Iimura, who was visiting the UK, spoke about various aspects of the Japanese system, including the court framework, appeal processes, streamlining infringement and invalidity hearings, remedies, amicus briefs, preliminary injunctions and costs. As he said himself, it was a lot to cover in his hour-long presentation.
The IP High Court was established in 2005 in recognition, Iimura said, of the need for “a high quality judicial system” and the speedy resolution of IP disputes. He has been chief judge since 2012 and was interviewed in Managing IP in August of that year.
In 2012, there were 567 IP cases before the district courts in Japan, 155 of them to do with patents. The IP High Court had 146 appeal cases from the district courts (58 of them patent-related) and 457 cases arising from JPO appeals/trial decisions. These and other facts are included in his detailed slides, available on the UCL website.
One of the points Iimura emphasised was what he called the “active involvement of judges” in promoting settlements, often at the preliminary injunction stage (where the product has a short lifespan) or based on a tentative view by the judge that infringement is either likely or not. As he said, a negative finding can incentivise either the plaintiff or defendant to seek to settle the dispute.
Of course, he’s not the first judge to sing the praises of settlements and other alternatives to litigation. As my colleague Emma Barraclough wrote here last week, UK judge Mr Justice Arnold spoke in favour of mediation at a seminar last week; Emma has also interviewed the chair of OHIM’s Boards of Appeal about his mediation initiatives). Last year, US District Court Judge Lucy Koh famously urged lawyers for Apple and Samsung to settle their dispute and avoid further litigation.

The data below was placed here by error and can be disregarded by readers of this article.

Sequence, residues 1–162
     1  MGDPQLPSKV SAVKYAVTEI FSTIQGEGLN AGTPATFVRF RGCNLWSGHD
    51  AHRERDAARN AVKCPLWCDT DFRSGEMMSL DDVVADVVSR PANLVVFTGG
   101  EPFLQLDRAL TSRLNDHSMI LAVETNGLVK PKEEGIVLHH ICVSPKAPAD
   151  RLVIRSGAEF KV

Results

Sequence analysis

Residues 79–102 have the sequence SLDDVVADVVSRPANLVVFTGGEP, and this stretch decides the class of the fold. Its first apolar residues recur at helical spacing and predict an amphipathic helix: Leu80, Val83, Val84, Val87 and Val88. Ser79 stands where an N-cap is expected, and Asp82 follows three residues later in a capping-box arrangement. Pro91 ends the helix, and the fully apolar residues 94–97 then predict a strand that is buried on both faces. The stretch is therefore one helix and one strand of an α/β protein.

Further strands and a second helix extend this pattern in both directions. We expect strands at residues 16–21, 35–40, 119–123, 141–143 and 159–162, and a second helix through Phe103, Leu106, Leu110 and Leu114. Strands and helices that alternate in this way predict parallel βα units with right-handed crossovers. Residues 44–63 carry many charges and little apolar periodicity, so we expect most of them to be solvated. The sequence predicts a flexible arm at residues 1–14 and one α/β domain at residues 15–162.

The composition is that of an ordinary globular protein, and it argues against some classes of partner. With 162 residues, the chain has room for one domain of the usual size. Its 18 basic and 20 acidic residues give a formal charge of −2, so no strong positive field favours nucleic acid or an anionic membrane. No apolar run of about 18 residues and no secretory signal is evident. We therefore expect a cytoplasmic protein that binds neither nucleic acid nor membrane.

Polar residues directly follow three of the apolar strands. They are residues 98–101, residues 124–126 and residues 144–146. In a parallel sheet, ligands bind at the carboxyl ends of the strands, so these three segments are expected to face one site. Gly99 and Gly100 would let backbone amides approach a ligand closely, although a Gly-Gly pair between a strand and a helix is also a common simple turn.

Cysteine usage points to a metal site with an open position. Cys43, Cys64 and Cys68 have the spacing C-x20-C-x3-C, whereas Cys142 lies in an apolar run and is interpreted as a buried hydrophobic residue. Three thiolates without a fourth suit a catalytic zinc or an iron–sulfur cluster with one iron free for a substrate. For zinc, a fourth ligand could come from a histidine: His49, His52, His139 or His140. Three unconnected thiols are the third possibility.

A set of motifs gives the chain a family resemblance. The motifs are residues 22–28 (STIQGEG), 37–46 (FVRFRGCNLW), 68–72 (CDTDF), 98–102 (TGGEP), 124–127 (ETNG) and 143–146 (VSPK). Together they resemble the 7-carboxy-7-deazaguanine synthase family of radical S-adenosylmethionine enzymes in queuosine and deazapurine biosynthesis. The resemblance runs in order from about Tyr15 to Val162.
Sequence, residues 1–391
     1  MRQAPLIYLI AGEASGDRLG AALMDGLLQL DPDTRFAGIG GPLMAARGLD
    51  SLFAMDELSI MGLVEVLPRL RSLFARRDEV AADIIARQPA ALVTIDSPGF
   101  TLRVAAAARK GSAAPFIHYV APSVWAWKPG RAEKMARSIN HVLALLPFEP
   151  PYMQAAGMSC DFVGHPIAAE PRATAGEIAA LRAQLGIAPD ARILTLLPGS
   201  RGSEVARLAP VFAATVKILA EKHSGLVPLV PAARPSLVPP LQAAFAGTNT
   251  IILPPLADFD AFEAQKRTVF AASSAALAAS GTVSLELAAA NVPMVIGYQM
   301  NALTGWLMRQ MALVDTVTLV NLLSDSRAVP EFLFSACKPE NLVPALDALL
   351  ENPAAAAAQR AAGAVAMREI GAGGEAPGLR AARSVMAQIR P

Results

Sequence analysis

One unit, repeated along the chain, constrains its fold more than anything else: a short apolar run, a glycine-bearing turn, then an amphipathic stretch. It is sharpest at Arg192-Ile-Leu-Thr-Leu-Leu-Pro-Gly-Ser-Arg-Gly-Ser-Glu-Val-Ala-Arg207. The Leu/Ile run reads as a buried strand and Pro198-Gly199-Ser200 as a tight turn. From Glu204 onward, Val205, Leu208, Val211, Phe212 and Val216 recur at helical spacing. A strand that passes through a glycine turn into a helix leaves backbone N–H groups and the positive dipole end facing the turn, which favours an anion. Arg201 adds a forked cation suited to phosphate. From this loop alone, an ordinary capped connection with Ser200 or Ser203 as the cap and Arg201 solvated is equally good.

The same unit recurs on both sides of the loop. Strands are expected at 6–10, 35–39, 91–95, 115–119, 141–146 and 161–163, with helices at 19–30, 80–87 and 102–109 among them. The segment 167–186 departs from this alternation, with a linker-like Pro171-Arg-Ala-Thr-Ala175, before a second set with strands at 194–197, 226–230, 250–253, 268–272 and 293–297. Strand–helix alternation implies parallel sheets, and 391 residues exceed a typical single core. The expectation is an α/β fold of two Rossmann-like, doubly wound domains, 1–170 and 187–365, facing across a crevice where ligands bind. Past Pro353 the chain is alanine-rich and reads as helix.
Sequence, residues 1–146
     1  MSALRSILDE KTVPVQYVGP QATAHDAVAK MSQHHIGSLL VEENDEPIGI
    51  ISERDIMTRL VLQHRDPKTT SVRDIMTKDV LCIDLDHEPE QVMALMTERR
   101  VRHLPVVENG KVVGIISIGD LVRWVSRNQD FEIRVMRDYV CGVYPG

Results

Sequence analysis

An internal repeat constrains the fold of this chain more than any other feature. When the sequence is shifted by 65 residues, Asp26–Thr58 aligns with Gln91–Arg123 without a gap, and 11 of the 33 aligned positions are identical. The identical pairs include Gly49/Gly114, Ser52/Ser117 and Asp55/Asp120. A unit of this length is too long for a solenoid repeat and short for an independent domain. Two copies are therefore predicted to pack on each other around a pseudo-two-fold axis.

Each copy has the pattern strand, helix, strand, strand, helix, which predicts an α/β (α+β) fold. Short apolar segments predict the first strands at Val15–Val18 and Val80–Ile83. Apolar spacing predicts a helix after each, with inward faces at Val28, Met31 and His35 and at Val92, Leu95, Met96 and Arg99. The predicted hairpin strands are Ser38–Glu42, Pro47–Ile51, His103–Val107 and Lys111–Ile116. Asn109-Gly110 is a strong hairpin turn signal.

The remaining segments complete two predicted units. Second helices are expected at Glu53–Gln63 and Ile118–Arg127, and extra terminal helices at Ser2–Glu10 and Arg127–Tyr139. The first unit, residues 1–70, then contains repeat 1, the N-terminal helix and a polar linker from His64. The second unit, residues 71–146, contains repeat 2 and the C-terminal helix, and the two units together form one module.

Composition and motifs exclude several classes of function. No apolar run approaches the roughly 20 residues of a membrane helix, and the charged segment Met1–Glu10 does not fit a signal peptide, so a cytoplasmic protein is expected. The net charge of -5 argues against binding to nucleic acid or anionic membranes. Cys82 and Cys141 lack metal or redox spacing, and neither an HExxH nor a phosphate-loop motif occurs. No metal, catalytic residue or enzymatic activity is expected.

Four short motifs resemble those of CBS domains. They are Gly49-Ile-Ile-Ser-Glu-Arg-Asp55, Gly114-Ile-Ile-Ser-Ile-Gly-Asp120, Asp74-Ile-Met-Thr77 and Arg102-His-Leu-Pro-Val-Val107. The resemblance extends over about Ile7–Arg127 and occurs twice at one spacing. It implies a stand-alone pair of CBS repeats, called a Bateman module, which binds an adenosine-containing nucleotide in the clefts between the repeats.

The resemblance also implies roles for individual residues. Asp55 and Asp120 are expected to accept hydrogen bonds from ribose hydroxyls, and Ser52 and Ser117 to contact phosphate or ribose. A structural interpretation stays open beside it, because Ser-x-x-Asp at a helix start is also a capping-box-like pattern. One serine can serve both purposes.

Perhaps it’s ironic that judges, whose livelihood depends on court disputes, should encourage parties to get out of court. But of course all over the world there is a recognition that much litigation is expensive, time- and resource-consuming and ultimately destroys corporate value. Judges who promote the amicable resolution of disputes are acting in their own courts’ best interests and those of society at large.
But during the reception following Iimura’s presentation last night, I heard some dissenting voices. It’s not for judges to tell parties how to behave, particularly at the early stage of proceedings and given that many disputes involve multiple cases in different jurisdictions, said one lawyer. Another added that judges should focus on making the litigation process more efficient and transparent, and leave lawyers to worry about the dynamics of a dispute. Indeed, Iimura himself pointed out that one of the downsides of mediation is that can drag on as there are no court-imposed deadlines.
What do readers think? Is it for judges to actively encourage parties to settle, or should they stick to the issues in the courtroom and leave wider matters to the lawyers and parties involved in the case?